Aromatic Chemistry Watch

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Silly Sally
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#1
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Hey everyone!!!

I just wanted to ask you all 3 things regarding aromatics.

1. In my notes, it says that phenol acts as an acid as "negative charge on oxygen can be delocalised to some extent around the ring" - Whats does this actually mean in standard english and how does the delocalisation cuase phenol to be acidic??? To be honest i would have thought phenol is alklaine due to the presence of the -OH group

2. Acidified KMnO4 is used to oxidise all carbon containing side chains into -COOH groups. However, apparently, the reason that benzene will not react in the same way is because "benzene contains delocalised pi - bonds." - How does this help benzene NOT to be oxidised??? Cos surely other aromatics with carbon containing side chains would also have these "delocalised pi bonds". Plus wouldn't the reason benzene does not oxidise be because it doesn't contain any side chains????

3. Why is phenol more susceptible than benzene to attack from electrophiles???

Thanks everyone!!!

Sorry if this post is written in a very confusing way!!!
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MalaysianDude
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(Original post by Silly Sally)
Hey everyone!!!

I just wanted to ask you all 3 things regarding aromatics.

1. In my notes, it says that phenol acts as an acid as "negative charge on oxygen can be delocalised to some extent around the ring" - Whats does this actually mean in standard english and how does the delocalisation cuase phenol to be acidic??? To be honest i would have thought phenol is alklaine due to the presence of the -OH group

2. Acidified KMnO4 is used to oxidise all carbon containing side chains into -COOH groups. However, apparently, the reason that benzene will not react in the same way is because "benzene contains delocalised pi - bonds." - How does this help benzene NOT to be oxidised??? Cos surely other aromatics with carbon containing side chains would also have these "delocalised pi bonds". Plus wouldn't the reason benzene does not oxidise be because it doesn't contain any side chains????

3. Why is phenol more susceptible than benzene to attack from electrophiles???

Thanks everyone!!!

Sorry if this post is written in a very confusing way!!!
1)it means that the oxygen is used to stabilise the benzene molecule
2)Benzene will try its best to preserve its struture.If oxidation occurs to it,it`ll lose its stability and break..therefore it has a high activation energy when trying to react with oxidation or addition reactions
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Silly Sally
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Report Thread starter 14 years ago
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(Original post by MalaysianDude)
1)it means that the oxygen is used to stabilise the benzene molecule
2)Benzene will try its best to preserve its struture.If oxidation occurs to it,it`ll lose its stability and break..therefore it has a high activation energy when trying to react with oxidation or addition reactions
Thanks!!!
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MalaysianDude
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whoops i mised the third question
anyways,its because phonol is much more stable compared to benzene since it has already undergone the electrophilic substitution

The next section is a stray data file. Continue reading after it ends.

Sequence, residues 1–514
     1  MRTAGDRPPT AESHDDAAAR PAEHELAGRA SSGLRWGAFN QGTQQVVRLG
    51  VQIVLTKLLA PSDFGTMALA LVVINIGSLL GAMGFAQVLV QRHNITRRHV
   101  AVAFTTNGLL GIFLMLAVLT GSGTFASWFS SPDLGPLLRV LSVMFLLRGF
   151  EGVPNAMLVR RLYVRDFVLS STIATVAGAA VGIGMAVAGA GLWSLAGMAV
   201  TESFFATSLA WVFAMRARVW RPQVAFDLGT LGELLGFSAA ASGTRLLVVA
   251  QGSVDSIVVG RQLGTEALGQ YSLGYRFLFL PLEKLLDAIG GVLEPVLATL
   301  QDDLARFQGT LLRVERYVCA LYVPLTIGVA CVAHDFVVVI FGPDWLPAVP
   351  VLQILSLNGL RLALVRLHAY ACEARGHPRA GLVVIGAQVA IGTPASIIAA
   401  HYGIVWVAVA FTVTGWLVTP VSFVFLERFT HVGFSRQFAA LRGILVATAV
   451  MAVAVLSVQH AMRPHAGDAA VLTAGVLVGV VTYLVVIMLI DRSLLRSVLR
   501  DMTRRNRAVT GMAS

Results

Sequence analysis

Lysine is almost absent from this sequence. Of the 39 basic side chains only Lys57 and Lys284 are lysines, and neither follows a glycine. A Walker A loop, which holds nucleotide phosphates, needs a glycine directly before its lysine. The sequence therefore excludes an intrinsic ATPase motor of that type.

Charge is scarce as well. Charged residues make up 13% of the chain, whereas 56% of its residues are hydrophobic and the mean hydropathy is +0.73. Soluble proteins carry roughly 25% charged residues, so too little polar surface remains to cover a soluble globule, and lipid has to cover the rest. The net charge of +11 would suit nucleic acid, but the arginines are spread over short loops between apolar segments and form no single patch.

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cipapfatso
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(Original post by Silly Sally)
Hey everyone!!!

I just wanted to ask you all 3 things regarding aromatics.

1. In my notes, it says that phenol acts as an acid as "negative charge on oxygen can be delocalised to some extent around the ring" - Whats does this actually mean in standard english and how does the delocalisation cuase phenol to be acidic??? To be honest i would have thought phenol is alklaine due to the presence of the -OH group

2. Acidified KMnO4 is used to oxidise all carbon containing side chains into -COOH groups. However, apparently, the reason that benzene will not react in the same way is because "benzene contains delocalised pi - bonds." - How does this help benzene NOT to be oxidised??? Cos surely other aromatics with carbon containing side chains would also have these "delocalised pi bonds". Plus wouldn't the reason benzene does not oxidise be because it doesn't contain any side chains????

3. Why is phenol more susceptible than benzene to attack from electrophiles???

Thanks everyone!!!

Sorry if this post is written in a very confusing way!!!
1) The lone of pair of electrons on the oxygen atom interacts with the 6 delocalised electrons that make up the benzene ring. Because of this the electron density around the oxygen atom is reduced as the electrons help stabilise the benzene ring. Thus the hydrogen will be dissociated more willingly so the phenoxide ion forms:
C6H5OH + H2O ------> C6H5O^- + H3O^+

2) Confused on the wording here do you mean the benzene molecule itself C6H6 will not be oxidised or functional groups e.g. CH2OH attached to the benzene ring? The benzene ring itself won't as it is far too stable due to the 6 delocalised electrons therefore it will not lose electrons and become oxidised. The functional groups like CH2OH can be oxidised.

3) This would have to do with the interaction between the lone pair of electrons on the oxygen atom and the 6 delocalised electrons of the benzene ring. In phenol there is a slightly greater electron density around the benzene ring for the reason above. Therefore it will be more susceptible to electrophilic attack/ attack by an electron deficient species. Phenol has a greater dipole moment basically.

Hope that helps!
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